In 2014, a series of reforms, called as the Health Sector Evolution Plan (HSEP), was launched in the health system of Iran in a stepwise process. HSEP was mainly based on the fifth 5-year health development national strategies (2011-2016). It included different interventions to: increase population coverage of basic health insurance, increase quality of care in the Ministry of Health and Medical Education (MoHME) affiliated hospitals, reduce out-of-pocket (OOP) payments for inpatient services, increase quality of primary healthcare, launch updated relative value units (RVUs) of clinical services, and update tariffs to more realistic values. The reforms resulted in extensive social reaction and different professional feedback. The official monitoring program shows general public satisfaction. However, there are some concerns for sustainability of the programs and equity of financing. Securing financial sources and fairness of the financial contribution to the new programs are the main concerns of policy-makers. Healthcare providers' concerns (as powerful and influential stakeholders) potentially threat the sustainability and efficiency of HSEP. Previous experiences on extending health insurance coverage show that they can lead to a regressive healthcare financing and threat financial equity. To secure financial sources and to increase fairness, the contributions of people to new interventions should be progressive by their income and wealth. A specific progressive tax would be the best source, however, since it is not immediately feasible, a stepwise increase in the progressivity of financing must be followed. Technical concerns of healthcare providers (such as nonplausible RVUs for specific procedures or nonefficient insurance-provider processes) should be addressed through proper revision(s) while nontechnical concerns (which are derived from conflicting interests) must be responded through clarification and providing transparent information. The requirements of HSEP and especially the key element of progressive tax should be considered properly in the coming sixth national development plan (2016-2021).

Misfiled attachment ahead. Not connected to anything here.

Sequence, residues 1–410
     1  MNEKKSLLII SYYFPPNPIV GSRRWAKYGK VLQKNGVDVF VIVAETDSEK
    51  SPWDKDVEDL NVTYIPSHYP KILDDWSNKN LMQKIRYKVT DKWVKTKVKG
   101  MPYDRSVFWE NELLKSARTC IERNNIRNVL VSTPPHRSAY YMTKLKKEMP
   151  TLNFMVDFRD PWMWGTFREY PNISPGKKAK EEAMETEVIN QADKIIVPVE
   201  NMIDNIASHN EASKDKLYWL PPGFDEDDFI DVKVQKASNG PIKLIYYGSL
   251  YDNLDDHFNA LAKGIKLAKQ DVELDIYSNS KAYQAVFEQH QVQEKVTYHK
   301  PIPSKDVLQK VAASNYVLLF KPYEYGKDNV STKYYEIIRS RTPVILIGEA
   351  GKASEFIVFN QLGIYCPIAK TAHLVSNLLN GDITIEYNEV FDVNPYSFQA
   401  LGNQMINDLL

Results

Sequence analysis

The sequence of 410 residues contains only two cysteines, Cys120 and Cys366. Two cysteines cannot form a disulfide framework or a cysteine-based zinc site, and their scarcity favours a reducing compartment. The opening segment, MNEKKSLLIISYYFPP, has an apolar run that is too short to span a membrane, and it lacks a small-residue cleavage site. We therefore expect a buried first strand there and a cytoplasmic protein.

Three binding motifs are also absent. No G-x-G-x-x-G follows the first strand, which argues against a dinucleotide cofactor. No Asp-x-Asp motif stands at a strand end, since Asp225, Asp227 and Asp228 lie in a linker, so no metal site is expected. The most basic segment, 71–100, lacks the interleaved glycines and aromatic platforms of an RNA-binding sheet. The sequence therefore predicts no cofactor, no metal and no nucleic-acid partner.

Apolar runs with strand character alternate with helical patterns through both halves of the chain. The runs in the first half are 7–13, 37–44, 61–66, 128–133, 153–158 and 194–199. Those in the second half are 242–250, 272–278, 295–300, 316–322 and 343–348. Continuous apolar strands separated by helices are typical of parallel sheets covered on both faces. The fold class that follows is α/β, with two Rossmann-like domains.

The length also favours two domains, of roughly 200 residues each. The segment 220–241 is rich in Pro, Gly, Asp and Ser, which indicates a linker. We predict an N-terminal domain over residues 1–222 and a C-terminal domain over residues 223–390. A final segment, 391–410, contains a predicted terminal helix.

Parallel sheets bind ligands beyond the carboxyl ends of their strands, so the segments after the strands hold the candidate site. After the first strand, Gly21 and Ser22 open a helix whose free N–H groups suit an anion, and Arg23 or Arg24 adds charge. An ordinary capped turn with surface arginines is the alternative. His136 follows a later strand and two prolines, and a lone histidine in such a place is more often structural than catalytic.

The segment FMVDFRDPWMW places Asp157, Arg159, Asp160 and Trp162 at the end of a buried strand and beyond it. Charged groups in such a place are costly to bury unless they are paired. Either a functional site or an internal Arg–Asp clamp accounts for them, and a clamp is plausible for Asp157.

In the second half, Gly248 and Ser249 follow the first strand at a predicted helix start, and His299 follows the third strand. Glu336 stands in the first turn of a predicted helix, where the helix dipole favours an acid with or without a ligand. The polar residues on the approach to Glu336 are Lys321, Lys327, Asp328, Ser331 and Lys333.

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                Author and article information

                Contributors
                s.matlin@imperial.ac.uk
                Journal
                Public Health Rev
                Public Health Rev
                Public Health Reviews
                BioMed Central (London )
                0301-0422
                2107-6952
                24 September 2018
                24 September 2018
                2018
                : 39
                Affiliations
                [1 ]ISNI 0000 0001 2113 8111, GRID grid.7445.2, Institute of Global Health Innovation, Imperial College London, ; London, UK
                [2 ]Centre Virchow-Villermé for Public Health Paris-Berlin, Paris Office, Paris, France
                [3 ]ISNI 0000 0001 2322 4988, GRID grid.8591.5, Institute of Global Health, , University of Geneva, ; Geneva, Switzerland
                [4 ]GRID grid.7841.a, University of Sapienza, ; Rome, Italy
                Article
                104
                10.1186/s40985-018-0104-9
                6182765
                © The Author(s). 2018

                Open AccessThis article is distributed under the terms of the Creative Commons Attribution 4.0 International License ( http://creativecommons.org/licenses/by/4.0/), which permits unrestricted use, distribution, and reproduction in any medium, provided you give appropriate credit to the original author(s) and the source, provide a link to the Creative Commons license, and indicate if changes were made. The Creative Commons Public Domain Dedication waiver ( http://creativecommons.org/publicdomain/zero/1.0/) applies to the data made available in this article, unless otherwise stated.

                Categories
                Meeting Report
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                © The Author(s) 2018